It wasn't entirely intentional -- truth be told -- but when I dug out the path to make the raised spiral row by flipping the path vegetation (used to be my "sunny meadow" so all kinds of non specific tuff, not just grass) onto the row, I went almost down to the clay subsoil in my enthusiasm, and ended up with greater path-to-row difference than I originally planned. But I did also recognize the Emilia Hazelip-esque design factor.
The ground is graded in a slope away from the house and the house corner downspout to the right of the blue spruce where the rain barrel overflow used to just drain right past this area to the upper left corner where the fence meets in a corner and I have the former Carolina Gold rice paddy, now designated Native Bog Garden.
The water drains out from the outlet there to a shallow swale that wraps around my Front Yard Fence Row, and then on down the front lawn to the side walk. Thanks to the new Spiral Garden catchment, there are less water that makes it all the way to the sidewalk to puddle uselessly. Just need a few more plantings in the front yard to capture them all and not let them go on down to the street.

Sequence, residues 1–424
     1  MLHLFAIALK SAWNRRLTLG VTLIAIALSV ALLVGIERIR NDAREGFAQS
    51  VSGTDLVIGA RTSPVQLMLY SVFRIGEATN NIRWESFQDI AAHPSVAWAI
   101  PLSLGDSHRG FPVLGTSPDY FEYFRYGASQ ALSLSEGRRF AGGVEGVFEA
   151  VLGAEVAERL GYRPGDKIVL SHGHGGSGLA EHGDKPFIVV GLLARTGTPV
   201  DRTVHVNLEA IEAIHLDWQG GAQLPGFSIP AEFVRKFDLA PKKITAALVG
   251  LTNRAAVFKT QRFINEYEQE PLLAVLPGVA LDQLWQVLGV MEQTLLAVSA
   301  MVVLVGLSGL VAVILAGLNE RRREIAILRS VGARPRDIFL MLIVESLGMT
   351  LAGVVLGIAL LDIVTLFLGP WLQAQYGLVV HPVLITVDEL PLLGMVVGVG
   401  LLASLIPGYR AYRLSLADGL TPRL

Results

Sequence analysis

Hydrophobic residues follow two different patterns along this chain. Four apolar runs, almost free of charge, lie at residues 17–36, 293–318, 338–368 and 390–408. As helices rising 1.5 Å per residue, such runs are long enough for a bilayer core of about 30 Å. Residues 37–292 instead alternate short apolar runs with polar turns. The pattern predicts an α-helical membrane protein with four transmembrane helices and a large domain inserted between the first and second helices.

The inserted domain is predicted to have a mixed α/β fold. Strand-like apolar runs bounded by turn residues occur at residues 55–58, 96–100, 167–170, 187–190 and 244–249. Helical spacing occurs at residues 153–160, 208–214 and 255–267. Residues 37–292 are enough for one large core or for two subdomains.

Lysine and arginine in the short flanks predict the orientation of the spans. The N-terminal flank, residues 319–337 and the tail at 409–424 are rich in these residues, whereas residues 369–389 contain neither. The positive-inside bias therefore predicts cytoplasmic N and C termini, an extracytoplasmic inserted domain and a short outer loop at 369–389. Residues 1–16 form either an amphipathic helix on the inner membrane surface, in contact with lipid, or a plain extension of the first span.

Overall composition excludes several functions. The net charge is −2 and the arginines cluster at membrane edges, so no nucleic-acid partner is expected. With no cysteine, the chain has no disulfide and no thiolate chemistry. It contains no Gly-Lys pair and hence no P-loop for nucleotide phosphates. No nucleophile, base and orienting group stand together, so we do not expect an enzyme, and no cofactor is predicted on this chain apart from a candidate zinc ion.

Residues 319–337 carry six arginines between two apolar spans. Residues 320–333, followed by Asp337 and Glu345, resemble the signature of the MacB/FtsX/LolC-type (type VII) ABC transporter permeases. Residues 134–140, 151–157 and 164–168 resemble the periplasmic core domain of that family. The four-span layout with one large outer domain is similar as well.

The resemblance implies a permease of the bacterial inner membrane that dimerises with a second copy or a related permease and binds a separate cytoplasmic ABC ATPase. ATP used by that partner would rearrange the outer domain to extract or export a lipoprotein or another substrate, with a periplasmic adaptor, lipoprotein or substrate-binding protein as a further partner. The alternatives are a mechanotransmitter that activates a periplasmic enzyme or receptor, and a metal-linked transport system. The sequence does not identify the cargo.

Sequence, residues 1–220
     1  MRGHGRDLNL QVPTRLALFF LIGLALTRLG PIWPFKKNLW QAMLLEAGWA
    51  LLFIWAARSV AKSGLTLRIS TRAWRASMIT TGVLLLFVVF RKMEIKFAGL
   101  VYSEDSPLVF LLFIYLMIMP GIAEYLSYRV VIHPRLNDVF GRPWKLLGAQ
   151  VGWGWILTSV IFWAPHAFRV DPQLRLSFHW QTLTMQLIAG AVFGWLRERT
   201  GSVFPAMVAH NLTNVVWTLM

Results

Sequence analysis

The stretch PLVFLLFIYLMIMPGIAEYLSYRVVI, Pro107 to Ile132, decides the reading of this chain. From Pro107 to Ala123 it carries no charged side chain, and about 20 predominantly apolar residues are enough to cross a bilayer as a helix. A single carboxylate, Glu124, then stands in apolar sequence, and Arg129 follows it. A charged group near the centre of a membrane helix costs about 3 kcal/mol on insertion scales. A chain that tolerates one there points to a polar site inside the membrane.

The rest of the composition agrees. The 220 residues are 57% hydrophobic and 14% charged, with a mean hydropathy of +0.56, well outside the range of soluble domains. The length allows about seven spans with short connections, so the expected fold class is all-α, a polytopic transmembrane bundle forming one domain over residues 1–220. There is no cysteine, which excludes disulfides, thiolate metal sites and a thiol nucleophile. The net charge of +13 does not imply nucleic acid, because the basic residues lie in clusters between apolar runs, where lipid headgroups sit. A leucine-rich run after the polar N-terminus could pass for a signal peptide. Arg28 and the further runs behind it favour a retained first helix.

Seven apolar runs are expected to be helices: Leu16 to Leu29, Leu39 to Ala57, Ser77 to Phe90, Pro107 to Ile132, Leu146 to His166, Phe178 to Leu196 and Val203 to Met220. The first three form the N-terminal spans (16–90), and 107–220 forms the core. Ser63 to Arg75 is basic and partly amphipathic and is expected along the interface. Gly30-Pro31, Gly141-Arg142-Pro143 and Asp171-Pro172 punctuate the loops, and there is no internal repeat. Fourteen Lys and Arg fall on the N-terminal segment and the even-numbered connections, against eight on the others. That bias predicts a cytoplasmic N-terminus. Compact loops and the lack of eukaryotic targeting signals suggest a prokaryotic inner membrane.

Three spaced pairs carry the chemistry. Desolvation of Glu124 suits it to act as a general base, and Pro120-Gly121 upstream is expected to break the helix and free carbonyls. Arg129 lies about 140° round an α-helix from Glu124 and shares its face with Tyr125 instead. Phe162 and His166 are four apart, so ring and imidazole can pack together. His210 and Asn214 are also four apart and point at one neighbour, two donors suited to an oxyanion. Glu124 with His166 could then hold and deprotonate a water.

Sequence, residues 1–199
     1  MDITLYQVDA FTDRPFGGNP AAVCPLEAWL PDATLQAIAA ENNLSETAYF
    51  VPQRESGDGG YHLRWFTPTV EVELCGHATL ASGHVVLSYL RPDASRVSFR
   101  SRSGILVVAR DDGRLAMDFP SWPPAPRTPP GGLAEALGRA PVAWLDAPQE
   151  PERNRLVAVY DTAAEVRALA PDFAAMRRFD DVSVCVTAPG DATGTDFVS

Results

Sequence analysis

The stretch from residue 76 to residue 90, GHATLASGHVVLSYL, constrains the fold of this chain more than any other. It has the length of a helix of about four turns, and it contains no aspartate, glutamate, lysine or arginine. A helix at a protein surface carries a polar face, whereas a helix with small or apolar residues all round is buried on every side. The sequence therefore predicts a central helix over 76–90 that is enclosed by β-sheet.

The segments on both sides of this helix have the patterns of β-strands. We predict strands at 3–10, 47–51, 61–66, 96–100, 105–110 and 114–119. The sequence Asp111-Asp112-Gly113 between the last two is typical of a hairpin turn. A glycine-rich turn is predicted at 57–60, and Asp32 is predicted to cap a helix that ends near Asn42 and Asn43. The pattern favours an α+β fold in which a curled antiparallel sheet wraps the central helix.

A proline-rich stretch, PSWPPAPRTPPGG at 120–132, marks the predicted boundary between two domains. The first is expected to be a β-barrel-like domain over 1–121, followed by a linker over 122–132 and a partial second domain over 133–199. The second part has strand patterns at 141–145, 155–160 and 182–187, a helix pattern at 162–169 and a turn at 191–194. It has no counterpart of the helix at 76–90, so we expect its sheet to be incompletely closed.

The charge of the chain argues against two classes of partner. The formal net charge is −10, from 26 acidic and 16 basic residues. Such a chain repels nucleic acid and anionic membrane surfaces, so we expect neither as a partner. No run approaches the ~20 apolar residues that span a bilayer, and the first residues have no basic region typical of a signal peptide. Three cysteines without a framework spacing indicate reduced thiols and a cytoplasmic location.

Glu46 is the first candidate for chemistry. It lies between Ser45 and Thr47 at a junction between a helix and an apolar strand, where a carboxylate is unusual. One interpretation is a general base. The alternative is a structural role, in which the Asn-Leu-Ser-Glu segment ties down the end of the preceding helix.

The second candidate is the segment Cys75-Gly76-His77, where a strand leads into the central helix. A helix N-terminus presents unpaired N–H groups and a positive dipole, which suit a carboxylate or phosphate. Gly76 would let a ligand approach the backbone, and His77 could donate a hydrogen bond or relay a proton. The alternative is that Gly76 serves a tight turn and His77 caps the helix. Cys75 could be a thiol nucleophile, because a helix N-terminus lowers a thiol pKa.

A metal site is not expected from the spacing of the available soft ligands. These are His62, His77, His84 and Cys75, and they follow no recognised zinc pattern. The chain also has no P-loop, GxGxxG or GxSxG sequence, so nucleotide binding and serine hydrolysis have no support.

Now the spirals catch and sequester the water and appears to fill the lower/far half of the outer and inner spiral including the center which had a fairly deep topsoil (I think it's because there used to be a path through here that I always mulched heavily) that got piled up in the middle.
As for the goldfish and the minnows -- yep, they usualy run around 12Â¢ each now, though I got these for 10Â¢. I tell the kids not to get attached... That these are "sacrificial" (though we'll do our best to catch and rescue them when the water level goes down since they help us with the mosquito larvae) So they choose the plainest, most average fish out of the bunch. They hold back the black tail tip and white/red bicolor ones to keep in a 5 gal bucket as well as the main holding tub with air pump -- which of the fish are happier, I wonder?